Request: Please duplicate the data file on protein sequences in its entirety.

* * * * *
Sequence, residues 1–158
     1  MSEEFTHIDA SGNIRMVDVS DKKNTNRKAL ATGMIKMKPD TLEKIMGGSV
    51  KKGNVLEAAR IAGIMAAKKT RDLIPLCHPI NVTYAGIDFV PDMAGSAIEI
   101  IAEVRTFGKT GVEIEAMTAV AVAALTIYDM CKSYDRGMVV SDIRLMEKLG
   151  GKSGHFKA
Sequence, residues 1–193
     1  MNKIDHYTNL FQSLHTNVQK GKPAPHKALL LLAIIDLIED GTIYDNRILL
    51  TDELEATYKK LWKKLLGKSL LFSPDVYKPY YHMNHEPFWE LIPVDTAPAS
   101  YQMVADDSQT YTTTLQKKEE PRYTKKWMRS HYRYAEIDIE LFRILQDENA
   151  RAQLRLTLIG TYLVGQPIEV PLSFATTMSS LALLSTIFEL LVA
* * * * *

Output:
Sequence, residues 1–158
     1  MSEEFTHIDA SGNIRMVDVS DKKNTNRKAL ATGMIKMKPD TLEKIMGGSV
    51  KKGNVLEAAR IAGIMAAKKT RDLIPLCHPI NVTYAGIDFV PDMAGSAIEI
   101  IAEVRTFGKT GVEIEAMTAV AVAALTIYDM CKSYDRGMVV SDIRLMEKLG
   151  GKSGHFKA
Sequence, residues 1–193
     1  MNKIDHYTNL FQSLHTNVQK GKPAPHKALL LLAIIDLIED GTIYDNRILL
    51  TDELEATYKK LWKKLLGKSL LFSPDVYKPY YHMNHEPFWE LIPVDTAPAS
   101  YQMVADDSQT YTTTLQKKEE PRYTKKWMRS HYRYAEIDIE LFRILQDENA
   151  RAQLRLTLIG TYLVGQPIEV PLSFATTMSS LALLSTIFEL LVA